“Heroku is a platform as a service (PaaS) that enables developers to build, run, and operate applications entirely in the cloud.” (Heroku)
Setting it up is quite easy, first you need to sign up for a free account:
Once you have a free account, you will need to download the Heroku Command Line Interface (CLI) here.
Sleep deprived as exams are approaching. I hate this feeling. Here I am, spending time studying instead of enjoying my bed. What can I do to ease my mind? I might be odd, but I find that coding is relaxing to me. As mentioned before, I love breaking and fixing stuff. The bug I chose (mozilla/thimble.mozilla.org#1887) doesn’t involve breaking, but it involves fixing! So let’s get started.
Fixing issue #1887
As mentioned by @pomax, if the user imports and existing file/folder, the conflicting item will be overwritten without notifying the user. The code for importing file/folder lies here.
Following the same pattern before, I chose 2 bugs that were not related to each other. Why do I keep doing this? I try not to be a picky developer. This way every bug is “new” to me and I’m able to better understand how the whole project works.
In this release, I fixed 2 old bugs (mozilla/thimble.mozilla.org#591 and mozilla/thimble.mozilla.org#889).
Fixing bug #591
As you can see, the issue with this bug is that, if a widget is open (In this case “Quick Edit” or “Quick Docs”), and the user opens it again, the widget closes and re-opens. The expected outcome should either be: “The opened widget closes” or “The widget stays open and nothing happens”. I choose the former.
In this release, I focused on 2 issues that were quite different from each other (adobe/brackets#11862 & mozilla/brackets#596). I’m always is the lookout for new things to learn, so by choosing 2 different issues, I was able to accomplish my goal and delivered 2 fixes.
Fixing this bug was really time consuming. Even though I didn’t write much code, I spent quite sometime thinking which file names are invalid and which are valid (I still don’t know if I’m right or not haha).
Here’s a scenario:
I have an important file named
file<3.txt. In Windows, this file name is invalid (Because of the char
<), but in macOS/Linux, this file name is valid! So… do I disallow
file<3.txt for every OS? Or just for Windows? Lets say I disallow it for Windows and I import a project that came from a macOS machine. If that project contained
file<3.txt, this file wont be imported. Do you see my conundrum? The user will be annoyed and clueless as to why the file is missing.
To avoid this issue, I disallowed
< in general (I’ve included other chars too).
This conundrum wasn’t even the main issue! The original issue was that users were able to “folder hop” by creating a file that contained a relative path in its name (Ex: A user created a file and named it “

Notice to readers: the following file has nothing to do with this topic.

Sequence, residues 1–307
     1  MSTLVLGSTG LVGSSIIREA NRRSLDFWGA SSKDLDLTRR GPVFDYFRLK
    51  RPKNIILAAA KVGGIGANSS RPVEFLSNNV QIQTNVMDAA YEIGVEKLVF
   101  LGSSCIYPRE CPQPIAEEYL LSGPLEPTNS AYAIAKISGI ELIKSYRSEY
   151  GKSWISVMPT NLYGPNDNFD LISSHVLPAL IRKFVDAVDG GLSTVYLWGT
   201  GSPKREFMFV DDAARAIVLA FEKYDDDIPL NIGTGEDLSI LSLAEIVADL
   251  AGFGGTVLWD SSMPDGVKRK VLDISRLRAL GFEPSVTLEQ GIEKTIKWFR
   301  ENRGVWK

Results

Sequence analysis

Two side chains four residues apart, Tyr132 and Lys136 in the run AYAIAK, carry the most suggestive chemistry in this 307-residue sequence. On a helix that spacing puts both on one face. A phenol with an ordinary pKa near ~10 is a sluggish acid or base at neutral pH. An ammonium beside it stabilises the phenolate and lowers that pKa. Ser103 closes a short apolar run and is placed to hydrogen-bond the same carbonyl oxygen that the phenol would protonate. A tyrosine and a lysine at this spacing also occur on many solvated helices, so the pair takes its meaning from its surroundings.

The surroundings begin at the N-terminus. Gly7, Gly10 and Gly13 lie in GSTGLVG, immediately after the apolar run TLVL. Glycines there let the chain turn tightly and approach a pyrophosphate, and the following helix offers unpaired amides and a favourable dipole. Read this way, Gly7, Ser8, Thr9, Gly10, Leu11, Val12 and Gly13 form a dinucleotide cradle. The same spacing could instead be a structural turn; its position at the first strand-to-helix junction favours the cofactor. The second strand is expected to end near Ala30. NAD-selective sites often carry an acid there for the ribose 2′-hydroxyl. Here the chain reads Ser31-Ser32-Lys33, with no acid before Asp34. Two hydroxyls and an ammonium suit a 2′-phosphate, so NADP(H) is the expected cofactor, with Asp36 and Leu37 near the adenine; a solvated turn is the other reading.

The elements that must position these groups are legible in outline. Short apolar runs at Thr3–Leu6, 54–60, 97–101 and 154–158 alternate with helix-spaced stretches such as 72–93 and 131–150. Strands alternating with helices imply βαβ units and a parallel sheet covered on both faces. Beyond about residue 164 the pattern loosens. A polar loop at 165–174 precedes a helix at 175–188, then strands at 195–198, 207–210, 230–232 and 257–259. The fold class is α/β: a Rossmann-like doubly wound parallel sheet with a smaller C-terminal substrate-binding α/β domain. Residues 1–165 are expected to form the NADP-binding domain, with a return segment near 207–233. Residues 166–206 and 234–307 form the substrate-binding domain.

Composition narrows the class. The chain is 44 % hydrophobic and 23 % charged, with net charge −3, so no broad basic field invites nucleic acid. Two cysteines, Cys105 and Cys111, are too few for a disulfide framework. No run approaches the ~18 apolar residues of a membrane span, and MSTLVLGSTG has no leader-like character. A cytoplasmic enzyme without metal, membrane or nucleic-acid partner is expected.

../../file2.txt"). This allowed users to create files in unexpected places.
To fix this, I created a function that checked if the filename and file path where valid.
Bam! Now if the user gives a “bad” file name, Brackets will throw an error 🙂
I remember when I first installed Notepad++ on my computer. It was the best feeling in the world! It felt like I went in a time machine and jumped a few years ahead. A text editor with plugins? Colour scheme? Themes? Wow! What more can you ask for? In 2008, notepad++ changed who I was.
I never thought of using notepad++ as a development tool (I used it as a replacement for notepad). I was actually shocked and a bit annoyed (Still am) when I saw people use Notepad++ as a development tool (Use an IDE you fools!). It gets to me when someone asks for programming help and I see that they’re using Notepad++ as an IDE. Why?!?!
Putting my saltiness aside, a lot has changed since 2008. There are tons of other editors! Here are the 2 editors I’ve been using latelly and some of the best plugins for them.
Atom is an Open Source hackable text editor (As in, you can add/remove parts of it. Sort of like Legos). At this time, its free, and it has over 5,000 plugins! In the beginning I wasn’t comfortable with the layout. It felt like there’s were too many stuff on the screen. but once ignore it, Atom is actually a really nice editor.
Here are 3 cool plugins for Atom
You guessed it! It’s a colour picker! What’s cool about it is that you can change between outputs on the fly (RGB, HEX, etc). To access Color Picker, you press
C (macOS is
C). For some odd reason, those key combinations were already taken, so I had to change it to
E on my machine. It can easily be done under settings.